Role Reversal: Adults and Aging Parents



 

I’ve long since retiredmy son’s moved away
I called him up just the other day
I said, “I’d like to see you if you don’t mind”
He said, “I’d love to, Dad, if I can find the time
You see my new job’s a hassle and the kid’s got the flu
But it’s sure nice talking to you, Dad
It’s been sure nice talking to you”

 

If you’re thinking “I’ve heard that before,” pat yourself on the back for remembering because it’s a stanza from Harry Chapin’s 1974 folk rock hit “Cat’s in the Cradle.” The popular lyrics continue to strike a chord. On the one hand, they capture a little boy’s desire to “grow up just like you, Dad.” And on the other, it is a lamentation because, you guessed it, that is exactly what happens. One day the little boy is pining for his busy dad’s attention, and then, in a flash, it is the dad who is pining for time with his now grown son.

Healthy Roles and Goals

The song’s title, “The Cat’s in the Cradle” has come to refer to the experience of someone who doesn’t take enough time for the other in a relationship, or who is constantly cancelling plans.

It’s a familiar phenomenon for many of us. And, it is just one way that parents and their grown children seem to reverse roles. But we need to be careful here because mental health and aging professionals encourage us not to think in terms of “reversal,” as if it were an absolute. Instead, it’s helpful to take a step back to:

  • Be mindful that as with all close relationships, how the adult child and their aging parent relate and provide one another with support over time will evolve
  • Adult children are most helpful when they focus on helping their aging parent deal with the many changes that accompany aging
  • The aging parent can support this goal by retaining responsibility for herself while acknowledging and asking for help when needed

Set the Relationship Up for Success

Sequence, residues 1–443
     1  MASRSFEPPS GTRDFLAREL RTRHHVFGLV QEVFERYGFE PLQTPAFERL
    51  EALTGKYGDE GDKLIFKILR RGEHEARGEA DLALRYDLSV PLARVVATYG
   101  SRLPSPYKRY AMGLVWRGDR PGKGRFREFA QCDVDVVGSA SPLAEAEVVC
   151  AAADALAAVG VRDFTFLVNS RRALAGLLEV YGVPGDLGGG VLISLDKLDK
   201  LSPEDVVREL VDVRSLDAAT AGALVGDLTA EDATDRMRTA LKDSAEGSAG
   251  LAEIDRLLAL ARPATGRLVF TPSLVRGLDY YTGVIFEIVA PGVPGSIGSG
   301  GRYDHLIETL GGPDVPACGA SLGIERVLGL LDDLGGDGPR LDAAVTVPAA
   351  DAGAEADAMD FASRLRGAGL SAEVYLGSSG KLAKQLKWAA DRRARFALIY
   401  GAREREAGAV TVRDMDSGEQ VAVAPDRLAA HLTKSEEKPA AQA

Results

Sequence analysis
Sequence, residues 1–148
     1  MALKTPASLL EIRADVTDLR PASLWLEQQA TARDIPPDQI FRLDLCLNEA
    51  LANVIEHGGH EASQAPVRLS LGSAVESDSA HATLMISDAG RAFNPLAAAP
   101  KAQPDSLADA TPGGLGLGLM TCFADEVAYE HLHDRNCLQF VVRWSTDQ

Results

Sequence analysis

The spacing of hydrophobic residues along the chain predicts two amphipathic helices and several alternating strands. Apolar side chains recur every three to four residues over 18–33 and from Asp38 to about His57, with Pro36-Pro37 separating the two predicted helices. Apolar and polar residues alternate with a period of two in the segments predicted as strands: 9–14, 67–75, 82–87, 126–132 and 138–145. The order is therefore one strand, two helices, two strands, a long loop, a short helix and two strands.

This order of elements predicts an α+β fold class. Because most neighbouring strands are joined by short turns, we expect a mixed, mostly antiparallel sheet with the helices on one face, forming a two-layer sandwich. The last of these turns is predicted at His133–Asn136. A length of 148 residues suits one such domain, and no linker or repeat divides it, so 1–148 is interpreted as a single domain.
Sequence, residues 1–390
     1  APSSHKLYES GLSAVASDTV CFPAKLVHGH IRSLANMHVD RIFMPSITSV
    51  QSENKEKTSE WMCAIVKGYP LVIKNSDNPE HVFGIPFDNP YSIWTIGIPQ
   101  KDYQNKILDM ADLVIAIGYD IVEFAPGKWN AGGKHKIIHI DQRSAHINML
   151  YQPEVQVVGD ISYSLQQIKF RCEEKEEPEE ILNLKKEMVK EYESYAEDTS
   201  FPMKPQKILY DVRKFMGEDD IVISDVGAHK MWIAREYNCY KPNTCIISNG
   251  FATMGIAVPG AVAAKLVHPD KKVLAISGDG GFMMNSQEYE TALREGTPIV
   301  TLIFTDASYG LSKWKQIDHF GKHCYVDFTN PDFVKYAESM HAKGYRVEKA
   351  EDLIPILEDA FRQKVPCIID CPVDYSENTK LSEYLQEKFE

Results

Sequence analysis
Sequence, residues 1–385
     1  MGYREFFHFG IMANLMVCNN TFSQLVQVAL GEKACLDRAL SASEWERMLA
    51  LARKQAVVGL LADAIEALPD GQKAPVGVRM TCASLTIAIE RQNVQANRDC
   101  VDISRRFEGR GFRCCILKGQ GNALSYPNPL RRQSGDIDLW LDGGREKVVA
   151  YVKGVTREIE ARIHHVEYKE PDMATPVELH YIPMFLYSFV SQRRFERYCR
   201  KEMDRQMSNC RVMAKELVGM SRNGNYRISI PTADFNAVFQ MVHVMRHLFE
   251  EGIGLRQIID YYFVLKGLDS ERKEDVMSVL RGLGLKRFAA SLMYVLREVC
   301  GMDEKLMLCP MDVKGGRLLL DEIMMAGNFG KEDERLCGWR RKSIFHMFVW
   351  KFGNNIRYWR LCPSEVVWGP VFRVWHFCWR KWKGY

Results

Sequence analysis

SageMinder, which provides services for seniors, recommends a proactive approach to preparing for shifting roles. Consider these six actions:

  • Have honest and respectful conversations with one another. It can be helpful to sit down to “assess the situation” together, before a crisis happens or a big decision needs to be made.
  • Meet your own needs and say “no” in order to protect priorities you each have. Remember that each person’s individual needs, apart from the parent/child relationship, matter and should be respected.
  • Cultivate a deep respect and realistic trust in one another. Build on the bond you already have and remember that by working together you will both feel respected.
  • Ask for help from each other and from others. No one goes it alone. Lean on one another and by all means, reach out to friends, neighbors, and services that can provide both emotional and practical support.
  • Take good care of yourselves. While “good care” varies from person to person, it is important to attend to your mental, emotional and physical health.
  • Avoid secrets and guilt trips. Candor tempered with compassion can help you work together to find new solutions to emerging challenges. And that goes for both the adult child as well as the aging parent.

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